Ultrasonic horn stretches and shrinks in length during the welding process like a spring. For example, a 20 kHz horn is typically a one-half wavelength long resonant bar, whose molecules are constantly expanding and contracting 20,000 times per second.
Consequently, the horn is continually under compression or tension. That’s why, for manufacturing ultrasonic horns – it is important to consider materials that have a good combination of acoustical and mechanical properties. The following three materials are used to manufacture ultrasonic horn because of their fatigue strength, acoustical properties, and surface hardness.
Let’s examine, why, when, and how to use these materials for your specific application.
- Titanium is the preferred choice of material for making ultrasonic horns because of its good fatigue strength, excellent acoustic properties, and good surface hardness.
- Titanium horns can be coated with materials like Carbide, Nickel, or Teflon. for applications that require high amplitude and a harder surface.
- Although it is an expensive material not always readily available in a convenient range of sizes. Horns up to 4.0″ (101.6mm) in diameter or 2.5″ (63.5mm) in width and/or length (for rectangular or block horns) are manufactured from titanium.
- Aluminum has excellent acoustic properties, that’s why large horns over 4.0″ (101.6mm) in diameter or 11.0″ (279.4mm) in width are generally made from aluminum.
- It is a low-cost material, readily available in a wide range of raw material sizes makes it the best choice for making prototype horns.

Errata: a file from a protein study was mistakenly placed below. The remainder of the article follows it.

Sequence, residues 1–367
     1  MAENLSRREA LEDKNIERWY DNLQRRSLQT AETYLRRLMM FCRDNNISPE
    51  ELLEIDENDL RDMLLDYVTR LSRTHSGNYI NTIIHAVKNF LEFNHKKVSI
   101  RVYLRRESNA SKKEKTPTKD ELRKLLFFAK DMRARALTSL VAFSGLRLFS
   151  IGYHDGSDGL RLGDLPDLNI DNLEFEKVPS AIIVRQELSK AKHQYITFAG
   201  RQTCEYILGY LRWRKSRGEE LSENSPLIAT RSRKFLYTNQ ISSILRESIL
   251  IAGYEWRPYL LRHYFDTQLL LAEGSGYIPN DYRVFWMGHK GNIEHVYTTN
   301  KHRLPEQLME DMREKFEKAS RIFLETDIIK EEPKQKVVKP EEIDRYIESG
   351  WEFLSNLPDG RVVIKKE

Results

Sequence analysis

- Machined quickly and easily reducing delivery time and labor costs. Therefore, an obvious choice to make horns requiring complex machining.
- Aluminum’s poor surface hardness and moderate fatigue strength can make it unsuitable for long-term, high-wear production applications.
- But aluminum horns can be coated or plated with materials like chrome, nickel, or carbide to help alleviate these problems.
- Steel can be heat-treated for a wear-resistant surface, which makes it well suited for applications that cause severe wear, such as metal insertion, welding glass-filled parts, and plunge cutting applications.
- Due to the hardness, steel horns are more brittle and are usually used for low amplitude applications.
In an eight-hour shift at your manufacturing plant, a typical 20 kHz horn travels between 660 to 3,300 miles/year. Get the best advice on the right material according to your ultrasonic welding application from our technical experts. CLICK HERE to contact.